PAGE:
The first rush of getting together you thought you knew each other so well. Once the initial attraction wears off you’ll be surprised at the things your partner does and says that you never would have expected.
Your partner won’t see “obvious” things.
Even when you think both of you come from the same culture, you will find that you are mistaken. Each of you came from a family and that family had traditions, ways of doing things which may well seem strange to their partner. The things that are obvious to you, things that need to be done, things that shouldn’t be done, may come as a great surprise to your partner.
Your partner will shapeshift. Prince charming is really a troll.
Remember the end of the movie, after what you see on-screen comes real life. The princess doesn’t look so royal six months pregnant with a cold, runny nose and dirt all over her. Somehow that man you thought was prince charming, a few months later will begin to look like he was really that troll from under the bridge.
You will have to put more in than you take out.
Lots of people get into relationships expecting to get their needs met. Relationships are kind of like bank accounts. If all you ever do is take out and never put in, that account gets overdrawn. You will find that over time you put a lot more work into this relationship than you ever imagined when you began it.
Relationships need maintenance.
After the relationship comes life. Jobs come. You have work responsibilities. One or both of you may try to further your education. Very often, way before anyone is ready, there are children. It’s easy to neglect a relationship in the process of all the other things that happen in life. Couples who fail to maintain the relationship wake up one day, look at each other and wonder why they ever stayed together
It is hard for the “US” to coexist with the “ME.”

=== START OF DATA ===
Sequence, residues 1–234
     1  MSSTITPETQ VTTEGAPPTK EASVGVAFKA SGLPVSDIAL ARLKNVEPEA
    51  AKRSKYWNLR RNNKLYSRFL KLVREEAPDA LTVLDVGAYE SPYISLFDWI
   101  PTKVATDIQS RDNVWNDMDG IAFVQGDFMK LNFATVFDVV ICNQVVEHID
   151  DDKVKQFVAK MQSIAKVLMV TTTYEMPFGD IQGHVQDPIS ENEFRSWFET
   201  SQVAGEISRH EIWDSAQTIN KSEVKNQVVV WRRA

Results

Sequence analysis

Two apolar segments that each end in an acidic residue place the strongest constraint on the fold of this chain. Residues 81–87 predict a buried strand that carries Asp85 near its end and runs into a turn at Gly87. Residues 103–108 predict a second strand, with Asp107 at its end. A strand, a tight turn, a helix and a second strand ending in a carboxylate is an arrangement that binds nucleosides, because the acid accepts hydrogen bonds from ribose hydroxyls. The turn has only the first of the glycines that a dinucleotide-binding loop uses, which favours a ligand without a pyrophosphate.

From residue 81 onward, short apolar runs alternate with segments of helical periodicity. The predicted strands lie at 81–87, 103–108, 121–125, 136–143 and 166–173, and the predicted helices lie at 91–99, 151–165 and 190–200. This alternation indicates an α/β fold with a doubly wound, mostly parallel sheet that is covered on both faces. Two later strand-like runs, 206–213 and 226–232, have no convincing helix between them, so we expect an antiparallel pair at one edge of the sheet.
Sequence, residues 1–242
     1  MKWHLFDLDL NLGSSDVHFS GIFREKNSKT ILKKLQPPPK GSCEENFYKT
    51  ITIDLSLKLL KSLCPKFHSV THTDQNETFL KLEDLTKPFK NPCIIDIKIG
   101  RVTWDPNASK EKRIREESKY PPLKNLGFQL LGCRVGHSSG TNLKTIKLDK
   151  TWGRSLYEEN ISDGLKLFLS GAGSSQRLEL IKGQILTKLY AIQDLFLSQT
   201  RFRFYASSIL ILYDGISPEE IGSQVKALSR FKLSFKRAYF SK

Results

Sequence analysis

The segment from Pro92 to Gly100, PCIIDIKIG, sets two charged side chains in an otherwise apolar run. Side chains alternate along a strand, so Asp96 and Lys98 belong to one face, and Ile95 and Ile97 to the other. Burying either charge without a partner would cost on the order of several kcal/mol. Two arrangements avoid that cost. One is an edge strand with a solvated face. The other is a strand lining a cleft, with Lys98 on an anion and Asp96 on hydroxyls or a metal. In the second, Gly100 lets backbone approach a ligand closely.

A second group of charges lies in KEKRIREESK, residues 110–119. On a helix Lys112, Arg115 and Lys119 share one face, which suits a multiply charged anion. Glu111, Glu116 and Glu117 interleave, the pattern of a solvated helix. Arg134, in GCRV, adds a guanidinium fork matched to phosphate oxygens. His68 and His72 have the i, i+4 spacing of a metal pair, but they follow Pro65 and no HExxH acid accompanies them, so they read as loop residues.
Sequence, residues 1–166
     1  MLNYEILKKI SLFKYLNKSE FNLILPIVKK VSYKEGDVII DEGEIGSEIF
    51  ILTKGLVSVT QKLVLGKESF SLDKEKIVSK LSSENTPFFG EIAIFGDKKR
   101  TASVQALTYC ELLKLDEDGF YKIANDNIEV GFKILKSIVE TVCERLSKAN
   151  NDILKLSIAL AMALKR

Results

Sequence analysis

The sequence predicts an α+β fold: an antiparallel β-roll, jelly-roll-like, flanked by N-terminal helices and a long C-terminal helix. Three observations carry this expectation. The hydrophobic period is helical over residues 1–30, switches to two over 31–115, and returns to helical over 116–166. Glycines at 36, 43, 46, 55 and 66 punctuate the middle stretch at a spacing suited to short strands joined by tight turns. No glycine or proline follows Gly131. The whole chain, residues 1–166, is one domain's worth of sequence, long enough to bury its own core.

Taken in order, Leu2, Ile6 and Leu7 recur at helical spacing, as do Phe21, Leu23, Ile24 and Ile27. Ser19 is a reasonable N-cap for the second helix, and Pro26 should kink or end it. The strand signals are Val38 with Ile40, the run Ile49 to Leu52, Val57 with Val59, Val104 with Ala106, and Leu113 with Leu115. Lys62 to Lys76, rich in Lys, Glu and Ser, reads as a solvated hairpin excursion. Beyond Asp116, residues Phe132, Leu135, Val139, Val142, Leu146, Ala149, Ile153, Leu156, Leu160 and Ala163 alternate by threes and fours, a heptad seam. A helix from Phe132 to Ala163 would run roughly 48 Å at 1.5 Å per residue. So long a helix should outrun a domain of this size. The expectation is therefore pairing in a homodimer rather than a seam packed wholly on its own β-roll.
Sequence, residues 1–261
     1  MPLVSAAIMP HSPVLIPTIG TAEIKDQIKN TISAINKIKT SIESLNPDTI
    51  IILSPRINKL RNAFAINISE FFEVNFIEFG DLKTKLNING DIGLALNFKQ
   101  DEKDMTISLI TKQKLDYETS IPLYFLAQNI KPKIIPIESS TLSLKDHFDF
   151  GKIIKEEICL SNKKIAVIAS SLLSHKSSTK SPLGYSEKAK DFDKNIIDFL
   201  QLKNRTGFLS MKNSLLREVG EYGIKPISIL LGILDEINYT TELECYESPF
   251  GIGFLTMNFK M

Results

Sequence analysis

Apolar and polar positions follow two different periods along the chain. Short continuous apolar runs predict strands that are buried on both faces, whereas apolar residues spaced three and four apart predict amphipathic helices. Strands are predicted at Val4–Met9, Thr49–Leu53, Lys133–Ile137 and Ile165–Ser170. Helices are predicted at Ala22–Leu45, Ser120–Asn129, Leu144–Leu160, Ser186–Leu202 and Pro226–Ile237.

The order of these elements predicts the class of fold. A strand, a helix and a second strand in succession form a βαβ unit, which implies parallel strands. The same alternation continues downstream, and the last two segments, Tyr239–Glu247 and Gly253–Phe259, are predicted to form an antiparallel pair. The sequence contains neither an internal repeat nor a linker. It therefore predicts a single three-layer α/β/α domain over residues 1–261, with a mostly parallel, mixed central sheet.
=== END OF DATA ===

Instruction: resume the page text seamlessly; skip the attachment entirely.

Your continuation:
In the early days of a relationship, it is all about us, us, us. Eventually one of you starts to wonder, now that there is an “us” is there still a me? Where before you used to want to spend every possible minute together, now you begin to wish for time to do the things you used to do before you were part of a couple.
Your finished relationship house won’t look like the blueprints.
The beginning of a relationship is kind of like planning that dream house, it all looks great in your head. Once you get that dream house built you may well find out that there are lots of features that didn’t work out the way they looked on paper.
You can find more on this topic under Relationships.
Staying connected with David Joel Miller
Two David Joel Miller Books are available now!
Bumps on the Road of Life. Whether you struggle with anxiety, depression, low motivation, or addiction, you can recover. Bumps on the Road of Life is the story of how people get off track and how to get your life out of the ditch.
Casino Robbery is a novel about a man with PTSD who must cope with his symptoms to solve a mystery and create a new life.
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For more about David Joel Miller and my work in the areas of mental health, substance abuse, and Co-occurring disorders see my Facebook author’s page, davidjoelmillerwriter. A list of books I have read and can recommend is over at Recommended Books. If you are in the Fresno California area, information about my private practice is at counselorfresno.com.